Brendan Harris lacked shortstop range, but Gardenhire used him there because he felt Harris struggled turning double plays as a second baseman. Similar logic might apply to Nishioka, but it's unclear if his double play issues are position-based or a function of runners in Japan rarely using hard slides. Beyond that, moving Nishioka to shortstop and starting Michael Cuddyer or Luke Hughes at second base is just a different version of flawed rather than a defensive fix.

This is my 10th year blogging about the Twins and they've essentially had middle infield issues that entire time, which is remarkable for an organization that emphasizes speed, defense, and athleticism so consistently and has a former middle infielder as manager. Here's a list of all the middle infielders to play at least 100 games for the Twins since Gardenhire replaced Tom Kelly as manager in 2002 (which is also the year I started blogging) and their adjusted OPS+ totals:

                     G     OPS+
J.J. Hardy         101      94
Orlando Hudson     126      94
Luis Castillo      227      92
Jason Bartlett     321      88
Luis Rivas         396      80
Brendan Harris     296      79
Cristian Guzman    436      78
Nick Punto         747      74
Luis Rodriguez     206      73
Matt Tolbert       180      70
Denny Hocking      185      70
Alexi Casilla      334      68
Juan Castro        147      64

On the OPS+ scale 100 represents an average MLB hitter, which tells you how ugly the Twins' middle infield has been for the past decade. That list also shows why guys like me wanted J.J. Hardy retained despite his injuries and felt Jason Bartlett never got a fair shake. Casilla ranks second-to-last on the list above only Juan Castro, who played over Bartlett for much of 2005 and 2006. And sadly the farm system is still devoid of any standout middle infield prospects.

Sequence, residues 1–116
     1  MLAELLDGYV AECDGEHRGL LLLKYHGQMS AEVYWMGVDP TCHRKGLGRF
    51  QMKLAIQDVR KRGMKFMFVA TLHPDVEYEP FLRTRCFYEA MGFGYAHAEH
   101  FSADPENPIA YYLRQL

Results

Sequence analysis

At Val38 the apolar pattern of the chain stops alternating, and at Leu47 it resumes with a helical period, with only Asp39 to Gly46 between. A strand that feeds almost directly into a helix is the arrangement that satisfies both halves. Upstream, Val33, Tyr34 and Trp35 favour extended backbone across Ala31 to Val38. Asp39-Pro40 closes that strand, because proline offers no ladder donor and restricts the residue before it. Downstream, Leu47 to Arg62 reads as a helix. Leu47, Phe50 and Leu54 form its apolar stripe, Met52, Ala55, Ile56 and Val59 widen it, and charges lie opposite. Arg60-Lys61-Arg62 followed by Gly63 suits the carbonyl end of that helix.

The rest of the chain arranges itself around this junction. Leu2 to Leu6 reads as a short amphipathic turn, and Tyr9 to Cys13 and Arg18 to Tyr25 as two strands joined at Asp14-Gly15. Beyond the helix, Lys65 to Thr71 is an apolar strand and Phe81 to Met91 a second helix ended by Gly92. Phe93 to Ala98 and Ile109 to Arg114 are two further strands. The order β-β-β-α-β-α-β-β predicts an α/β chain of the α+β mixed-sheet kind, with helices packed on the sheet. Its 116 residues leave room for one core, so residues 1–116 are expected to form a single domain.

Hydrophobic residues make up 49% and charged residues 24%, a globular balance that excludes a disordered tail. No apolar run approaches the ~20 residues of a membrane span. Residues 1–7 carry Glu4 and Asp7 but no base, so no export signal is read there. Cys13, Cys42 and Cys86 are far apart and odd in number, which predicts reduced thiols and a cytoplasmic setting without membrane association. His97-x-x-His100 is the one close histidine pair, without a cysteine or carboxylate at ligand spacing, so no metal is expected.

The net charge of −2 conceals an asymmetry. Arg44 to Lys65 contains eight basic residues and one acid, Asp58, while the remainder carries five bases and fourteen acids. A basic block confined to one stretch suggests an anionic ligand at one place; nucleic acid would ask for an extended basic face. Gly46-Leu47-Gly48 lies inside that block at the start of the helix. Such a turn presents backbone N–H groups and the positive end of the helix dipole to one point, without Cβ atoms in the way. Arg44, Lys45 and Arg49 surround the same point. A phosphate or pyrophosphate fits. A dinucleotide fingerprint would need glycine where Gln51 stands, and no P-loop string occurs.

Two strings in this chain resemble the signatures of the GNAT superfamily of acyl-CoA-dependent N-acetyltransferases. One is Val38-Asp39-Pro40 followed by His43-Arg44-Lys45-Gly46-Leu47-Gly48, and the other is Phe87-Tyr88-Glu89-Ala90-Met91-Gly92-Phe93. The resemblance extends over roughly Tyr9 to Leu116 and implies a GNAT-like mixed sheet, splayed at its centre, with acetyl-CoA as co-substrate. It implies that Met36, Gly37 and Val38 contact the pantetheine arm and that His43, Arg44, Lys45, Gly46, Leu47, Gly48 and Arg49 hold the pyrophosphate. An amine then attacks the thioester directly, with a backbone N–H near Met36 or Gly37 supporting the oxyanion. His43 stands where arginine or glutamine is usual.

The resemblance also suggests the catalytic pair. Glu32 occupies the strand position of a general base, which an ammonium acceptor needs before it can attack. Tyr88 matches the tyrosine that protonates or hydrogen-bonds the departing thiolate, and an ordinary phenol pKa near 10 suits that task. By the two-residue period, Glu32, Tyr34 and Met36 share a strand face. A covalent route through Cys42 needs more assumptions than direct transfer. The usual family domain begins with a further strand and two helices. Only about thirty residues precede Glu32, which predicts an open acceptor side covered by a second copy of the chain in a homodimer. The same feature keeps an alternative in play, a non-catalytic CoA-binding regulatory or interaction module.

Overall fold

There are no shortage of problems with the Twins, but the top of the rotation and the middle of the infield are perhaps the biggest. Being swept by the Royals for the first time since 1998 leaves the Twins with MLB's worst record at 9-18, which is a 54-108 pace with one-sixth of the schedule completed and puts them 10 games behind the first-place Indians. Here's how that stacks up to their record at the same point in nine previous seasons under Gardenhire:

YEAR     W     L     GB
2010    18     9    ---
2009    13    14    3.0
2008    13    14    1.0
2007    15    12    2.5
2006    11    16    8.0
2005    16    11    4.5
2004    16    11    1.0
2003    13    14    5.0
2002    16    11    0.5

Remarkably, last season was the first time under Gardenhire they led the AL Central after 27 games, although they were within one game of first place three other times and within three games in six of the nine years. Their current 9-18 record is two games worse than they've ever been after 27 games under Gardenhire, with 2006 being the closest comparison. That year the Twins were 11-16 and eight games back after 27 games ... and went on to win the division.

  • (the other) Neil

    Blah. What a tough week. Nishioka will be fine when he gets back. He obviously had a lot of nerves when the season started. You could see it on his face. Now that he’s had some time to calm down, he’ll become a nice contributor to a team in desperate need of them. He has the tools to do so. As for the other half up the middle…uh oh.
    Aaron – Who are the best – and most realistic – options for the Twins as far as trading for a middle infielder?

  • http://Aarongleeman.com Rick

    Please change the Twins name to the Mendozas.

  • liner

    Hey, what’s up with Young?? I caught just a bit of PA this weekend where he was saying Young’s strained oblique is a sham. He didn’t want to play because of the cold and the Twins put him on the DL to spite him. I thought it was a joke broadcast, but after listening furhter, he seemed serious. His point was that the Twins have finally had it with Delmon and are bound to trade him.
    Anything more on this???

  • mike wants WINS